Having lived in Dublin for more than 50 years, I felt that I knew the city well; that was until I retired from my first career and started to work as a Dublin tourist guide. It was then that I discovered how little I actually knew: the origin of street names, the history of buildings and the stories behind the sculptures and statues of the city. It was while researching for information that I might need to know as a guide that I discovered that there was no one publication that told the story of all of the sculptures and statues in Dublin city. Indeed, often the work is not signed or credited to the sculptor, which is a shame as their input is very important.
Many people pass by some of the 250 statues and sculptures on a daily basis without giving them a second thought or realising the symbolism contained on them. There are indeed many masked messages and stories hidden on the statues of Dublin from the man carrying the child in the Famine Group on Custom House Quay to the wave pattern on the statue of Daniel O’Connell on Dublin’s main thoroughfare. These mysteries are decoded in the book which divides the city into five manageable chunks with maps, photographs and explanations of each work.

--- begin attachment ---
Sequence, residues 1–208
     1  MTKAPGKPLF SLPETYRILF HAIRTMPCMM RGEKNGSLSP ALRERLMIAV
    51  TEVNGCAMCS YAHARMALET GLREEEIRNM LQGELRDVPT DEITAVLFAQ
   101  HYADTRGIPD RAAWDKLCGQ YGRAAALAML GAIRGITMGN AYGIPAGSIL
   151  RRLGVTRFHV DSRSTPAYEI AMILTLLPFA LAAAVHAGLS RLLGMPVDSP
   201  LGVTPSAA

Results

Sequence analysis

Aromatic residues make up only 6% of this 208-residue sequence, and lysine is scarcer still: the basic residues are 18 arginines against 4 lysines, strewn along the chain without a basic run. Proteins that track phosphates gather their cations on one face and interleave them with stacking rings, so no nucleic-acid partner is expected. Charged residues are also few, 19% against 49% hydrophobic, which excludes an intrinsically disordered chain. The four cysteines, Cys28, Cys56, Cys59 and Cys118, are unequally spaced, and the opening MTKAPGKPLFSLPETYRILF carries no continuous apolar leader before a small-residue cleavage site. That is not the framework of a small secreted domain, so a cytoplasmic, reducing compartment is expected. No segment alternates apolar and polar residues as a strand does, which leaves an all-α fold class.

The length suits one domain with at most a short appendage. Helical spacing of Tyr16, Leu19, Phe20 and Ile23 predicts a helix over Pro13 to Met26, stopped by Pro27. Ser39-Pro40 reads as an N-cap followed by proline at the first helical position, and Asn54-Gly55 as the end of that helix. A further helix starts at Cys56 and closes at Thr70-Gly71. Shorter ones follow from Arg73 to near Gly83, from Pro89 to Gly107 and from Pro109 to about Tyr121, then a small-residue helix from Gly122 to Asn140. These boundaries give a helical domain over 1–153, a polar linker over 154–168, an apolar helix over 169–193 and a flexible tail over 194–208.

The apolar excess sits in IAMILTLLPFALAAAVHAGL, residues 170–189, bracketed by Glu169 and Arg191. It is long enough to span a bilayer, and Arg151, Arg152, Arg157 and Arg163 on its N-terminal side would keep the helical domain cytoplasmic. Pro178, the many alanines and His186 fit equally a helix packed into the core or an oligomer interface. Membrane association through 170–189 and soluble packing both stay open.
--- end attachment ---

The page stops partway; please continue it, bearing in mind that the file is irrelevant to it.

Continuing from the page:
The Complete Guide to the Statues and Sculptures of Dublin City poses three challenges for the reader:
- Do you know where the Ten Virgins are located on O’Connell Street?
- Do you know what piece of music is featured on the statue of Daniel O’Connell?
- Do you know which Dublin statue has a hat and a cat as symbols of freedom?
Very few Dubliners have the answers to these questions despite their daily encounters with the statues of Dublin. Neal Doherty will hold a number of talks on his book The Complete Guide to the Statues and Sculptures of Dublin City:
* Monday 6th November at 8.00 pm in the RDA Hall Annex. (Rathdrum Development Association)
* Wednesday 15th November at 8.00 pm in the Royal Marine Hotel Dun Laoghaire. (Dun Laoghaire Historical Society meeting)
* Saturday 18th November at 7.30 pm in The United Arts Club, 3 Fitzwilliam Street. (Admission €5)
* Tuesday 17th April at 8.00 pm at the Foxrock Historical Society.